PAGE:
“Well, run along, and keep them out of the streets when you find them; and keep your hands out of this affair, if you wish to live in this town, which from now on will be a white man’s town, as you niggers will be pretty firmly convinced before night.”

Miller drove on as swiftly as might be. At the next corner he was stopped again. In the white man who held him up, Miller recognized a neighbor of his own. After a short detention and a perfunctory search, the white man remarked apologetically:⁠—

“Sorry to have had to trouble you, doctuh, but them’s the o’ders. It ain’t men like you that we’re after, but the vicious and criminal class of niggers.”

Miller smiled bitterly as he urged his horse forward. He was quite well aware that the virtuous citizen who had stopped him had only a few weeks before finished a term in the penitentiary, to which he had been sentenced for stealing. Miller knew that he could have bought all the man owned for fifty dollars, and his soul for as much more.

A few rods farther on, he came near running over the body of a wounded man who lay groaning by the wayside. Every professional instinct urged him to stop and offer aid to the sufferer; but the uncertainty concerning his wife and child proved a stronger motive and urged him resistlessly forward. Here and there the ominous sound of firearms was audible. He might have thought this merely a part of the show, like the “powder play” of the Arabs, but for the bloody confirmation of its earnestness which had already assailed his vision. Somewhere in this seething cauldron of unrestrained passions were his wife and child, and he must hurry on.

His progress was painfully slow. Three times he was stopped and searched. More than once his way was barred, and he was ordered to turn back, each such occasion requiring a detour which consumed many minutes. The man who last stopped him was a well-known Jewish merchant. A Jew⁠—God of Moses!⁠—had so far forgotten twenty centuries of history as to join in the persecution of another oppressed race! When almost reduced to despair by these innumerable delays, he perceived, coming toward him, Mr. Ellis, the subeditor of the Morning Chronicle. Miller had just been stopped and questioned again, and Ellis came up as he was starting once more upon his endless ride.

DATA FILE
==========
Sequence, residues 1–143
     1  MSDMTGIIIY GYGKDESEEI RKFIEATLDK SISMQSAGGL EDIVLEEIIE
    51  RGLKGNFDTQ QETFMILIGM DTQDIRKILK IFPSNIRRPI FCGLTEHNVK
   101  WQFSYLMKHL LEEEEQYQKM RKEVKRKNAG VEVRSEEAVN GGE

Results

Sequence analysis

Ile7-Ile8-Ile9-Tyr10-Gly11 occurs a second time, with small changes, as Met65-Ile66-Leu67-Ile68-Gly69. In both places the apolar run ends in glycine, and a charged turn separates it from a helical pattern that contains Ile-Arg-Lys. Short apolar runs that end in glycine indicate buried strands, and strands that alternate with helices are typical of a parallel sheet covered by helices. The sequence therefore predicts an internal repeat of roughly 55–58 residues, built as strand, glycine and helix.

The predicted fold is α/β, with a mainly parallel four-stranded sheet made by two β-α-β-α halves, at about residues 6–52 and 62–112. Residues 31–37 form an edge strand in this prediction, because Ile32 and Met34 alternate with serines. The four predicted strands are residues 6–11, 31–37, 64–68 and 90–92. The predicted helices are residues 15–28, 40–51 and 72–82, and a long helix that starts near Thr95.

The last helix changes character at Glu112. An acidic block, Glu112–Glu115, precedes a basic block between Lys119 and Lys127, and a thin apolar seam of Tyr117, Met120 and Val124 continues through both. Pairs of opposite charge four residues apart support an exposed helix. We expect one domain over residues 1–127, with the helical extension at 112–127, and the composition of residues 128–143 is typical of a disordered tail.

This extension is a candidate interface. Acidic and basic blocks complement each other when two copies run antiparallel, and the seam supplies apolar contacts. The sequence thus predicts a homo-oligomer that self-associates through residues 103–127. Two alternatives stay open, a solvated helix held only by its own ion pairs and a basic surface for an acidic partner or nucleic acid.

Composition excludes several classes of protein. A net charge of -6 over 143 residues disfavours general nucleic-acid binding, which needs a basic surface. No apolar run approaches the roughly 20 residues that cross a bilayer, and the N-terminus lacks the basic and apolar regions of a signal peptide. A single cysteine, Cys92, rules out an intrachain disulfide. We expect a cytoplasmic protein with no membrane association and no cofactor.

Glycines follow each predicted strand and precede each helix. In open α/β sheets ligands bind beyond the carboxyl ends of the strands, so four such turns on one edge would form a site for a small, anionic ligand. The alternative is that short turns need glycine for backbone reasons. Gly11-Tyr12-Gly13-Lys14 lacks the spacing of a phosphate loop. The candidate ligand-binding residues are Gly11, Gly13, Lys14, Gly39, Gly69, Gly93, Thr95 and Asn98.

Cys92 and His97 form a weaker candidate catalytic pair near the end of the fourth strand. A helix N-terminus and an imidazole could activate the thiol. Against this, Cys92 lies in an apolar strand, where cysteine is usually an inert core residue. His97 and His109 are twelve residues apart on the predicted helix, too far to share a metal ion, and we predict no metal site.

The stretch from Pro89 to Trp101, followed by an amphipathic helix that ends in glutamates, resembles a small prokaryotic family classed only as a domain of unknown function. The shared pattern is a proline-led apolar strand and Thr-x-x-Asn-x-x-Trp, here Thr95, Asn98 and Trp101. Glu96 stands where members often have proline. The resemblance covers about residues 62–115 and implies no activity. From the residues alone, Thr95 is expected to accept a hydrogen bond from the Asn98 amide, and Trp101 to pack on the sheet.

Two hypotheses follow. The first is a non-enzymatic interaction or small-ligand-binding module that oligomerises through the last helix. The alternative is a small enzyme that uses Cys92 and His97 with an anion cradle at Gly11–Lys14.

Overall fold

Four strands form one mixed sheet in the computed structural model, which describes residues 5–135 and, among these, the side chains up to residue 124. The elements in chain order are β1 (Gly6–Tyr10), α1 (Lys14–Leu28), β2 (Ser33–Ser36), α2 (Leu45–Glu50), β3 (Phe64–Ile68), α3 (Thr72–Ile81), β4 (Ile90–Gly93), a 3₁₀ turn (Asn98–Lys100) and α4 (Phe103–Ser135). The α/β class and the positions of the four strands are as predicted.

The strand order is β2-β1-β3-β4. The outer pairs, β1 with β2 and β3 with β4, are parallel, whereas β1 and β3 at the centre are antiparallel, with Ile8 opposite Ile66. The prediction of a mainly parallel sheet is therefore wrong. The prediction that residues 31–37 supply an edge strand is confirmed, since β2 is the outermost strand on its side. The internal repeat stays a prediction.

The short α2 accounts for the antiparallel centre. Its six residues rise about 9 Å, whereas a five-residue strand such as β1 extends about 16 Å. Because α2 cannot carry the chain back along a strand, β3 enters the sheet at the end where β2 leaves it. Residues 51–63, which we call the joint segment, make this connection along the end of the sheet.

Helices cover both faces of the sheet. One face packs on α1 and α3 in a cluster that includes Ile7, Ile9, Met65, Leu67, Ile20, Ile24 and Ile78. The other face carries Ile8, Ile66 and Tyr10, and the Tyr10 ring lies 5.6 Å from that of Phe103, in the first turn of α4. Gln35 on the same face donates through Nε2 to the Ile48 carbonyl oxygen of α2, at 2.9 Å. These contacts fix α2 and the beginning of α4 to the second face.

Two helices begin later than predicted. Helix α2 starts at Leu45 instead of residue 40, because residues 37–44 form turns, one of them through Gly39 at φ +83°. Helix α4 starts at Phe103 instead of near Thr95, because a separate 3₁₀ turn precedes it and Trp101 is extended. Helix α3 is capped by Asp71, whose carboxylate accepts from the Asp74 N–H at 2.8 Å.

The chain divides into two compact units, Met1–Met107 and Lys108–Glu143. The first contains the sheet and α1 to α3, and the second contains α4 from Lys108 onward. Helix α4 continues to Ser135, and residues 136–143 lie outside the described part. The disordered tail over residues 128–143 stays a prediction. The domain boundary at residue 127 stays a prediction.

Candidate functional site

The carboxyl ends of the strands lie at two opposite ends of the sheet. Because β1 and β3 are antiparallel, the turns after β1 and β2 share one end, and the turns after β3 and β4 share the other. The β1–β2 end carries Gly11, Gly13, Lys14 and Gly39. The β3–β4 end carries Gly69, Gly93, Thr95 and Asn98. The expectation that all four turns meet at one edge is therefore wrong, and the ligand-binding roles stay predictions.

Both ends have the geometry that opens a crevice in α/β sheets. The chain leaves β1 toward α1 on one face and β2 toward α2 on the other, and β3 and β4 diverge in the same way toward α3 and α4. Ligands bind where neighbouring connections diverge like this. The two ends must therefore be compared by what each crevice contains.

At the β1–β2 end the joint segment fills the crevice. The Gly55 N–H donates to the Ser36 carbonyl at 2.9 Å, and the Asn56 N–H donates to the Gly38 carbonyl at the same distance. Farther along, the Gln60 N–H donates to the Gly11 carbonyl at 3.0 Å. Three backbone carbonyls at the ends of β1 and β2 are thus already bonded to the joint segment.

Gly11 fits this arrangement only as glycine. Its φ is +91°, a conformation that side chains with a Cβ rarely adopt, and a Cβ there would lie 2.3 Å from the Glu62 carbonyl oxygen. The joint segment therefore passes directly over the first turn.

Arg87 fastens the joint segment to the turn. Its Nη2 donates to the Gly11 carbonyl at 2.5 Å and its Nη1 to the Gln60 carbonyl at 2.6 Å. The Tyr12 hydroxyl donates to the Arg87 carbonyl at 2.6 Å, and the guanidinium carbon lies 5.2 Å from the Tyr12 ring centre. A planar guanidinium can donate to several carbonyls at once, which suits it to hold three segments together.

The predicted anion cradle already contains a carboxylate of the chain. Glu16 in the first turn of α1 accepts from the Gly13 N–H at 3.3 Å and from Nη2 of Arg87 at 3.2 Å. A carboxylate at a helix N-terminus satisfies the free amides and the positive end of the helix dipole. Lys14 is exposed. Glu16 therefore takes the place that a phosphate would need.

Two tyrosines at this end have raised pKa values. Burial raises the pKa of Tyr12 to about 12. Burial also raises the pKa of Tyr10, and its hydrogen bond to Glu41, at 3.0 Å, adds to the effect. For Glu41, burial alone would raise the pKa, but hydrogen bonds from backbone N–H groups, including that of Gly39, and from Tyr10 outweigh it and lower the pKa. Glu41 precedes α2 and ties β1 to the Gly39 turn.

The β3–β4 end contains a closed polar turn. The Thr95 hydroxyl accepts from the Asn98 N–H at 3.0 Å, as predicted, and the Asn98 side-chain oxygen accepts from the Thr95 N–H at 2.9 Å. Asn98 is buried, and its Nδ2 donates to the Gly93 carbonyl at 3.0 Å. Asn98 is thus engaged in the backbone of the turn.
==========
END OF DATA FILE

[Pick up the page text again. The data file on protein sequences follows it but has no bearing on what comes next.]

Dr. Miller,” said Ellis kindly, “it is dangerous for you on the streets. Why tempt the danger?”

“I am looking for my wife and child,” returned Miller in desperation. “They are somewhere in this town⁠—I don’t know where⁠—and I must find them.”

Ellis had been horror-stricken by the tragedy of the afternoon, the wholly superfluous slaughter of a harmless people, whom a show of force would have been quite sufficient to overawe. Elaborate explanations were afterwards given for these murders, which were said, perhaps truthfully, not to have been premeditated, and many regrets were expressed. The young man had been surprised, quite as much as the negroes themselves, at the ferocity displayed. His own thoughts and feelings were attuned to anything but slaughter. Only that morning he had received a perfumed note, calling his attention to what the writer described as a very noble deed of his, and requesting him to call that evening and receive the writer’s thanks. Had he known that Miss Pemberton, several weeks after their visit to the Sound, had driven out again to the hotel and made some inquiries among the servants, he might have understood better the meaning of this missive. When Miller spoke of his wife and child, some subtle thread of suggestion coupled the note with Miller’s plight. “I’ll go with you, Dr. Miller,” he said, “if you’ll permit me. In my company you will not be disturbed.”

He took a seat in Miller’s buggy, after which it was not molested.

Neither of them spoke. Miller was sick at heart; he could have wept with grief, even had the welfare of his own dear ones not been involved in this regrettable affair. With prophetic instinct he foresaw the hatreds to which this day would give birth; the long years of constraint and distrust which would still further widen the breach between two peoples whom fate had thrown together in one community.

There was nothing for Ellis to say. In his heart he could not defend the deeds of this day. The petty annoyances which the whites had felt at the spectacle of a few negroes in office; the not unnatural resentment of a proud people at what had seemed to them a presumptuous freedom of speech and lack of deference on the part of their inferiors⁠—these things, which he knew were to be made the excuse for overturning the city government, he realized full well were no sort of justification for the wholesale murder or other horrors which might well ensue before the day was done. He could not approve the acts of his own people; neither could he, to a negro, condemn them. Hence he was silent.

“Thank you, Mr. Ellis,” exclaimed Miller, when they had reached the house where he expected to find his wife. “This is the place where I was going. I am⁠—under a great obligation to you.”

“Not at all, Dr. Miller. I need not tell you how much I regret this deplorable affair.”

Ellis went back down the street. Fastening his horse to the fence, Miller sprang forward to find his wife and child. They would certainly be there, for no colored woman would be foolhardy enough to venture on the streets after the riot had broken out.

As he drew nearer, he felt a sudden apprehension. The house seemed strangely silent and deserted. The doors were closed, and the Venetian blinds shut tightly. Even a dog which had appeared slunk timidly back under the house, instead of barking vociferously according to the usual habit of his kind.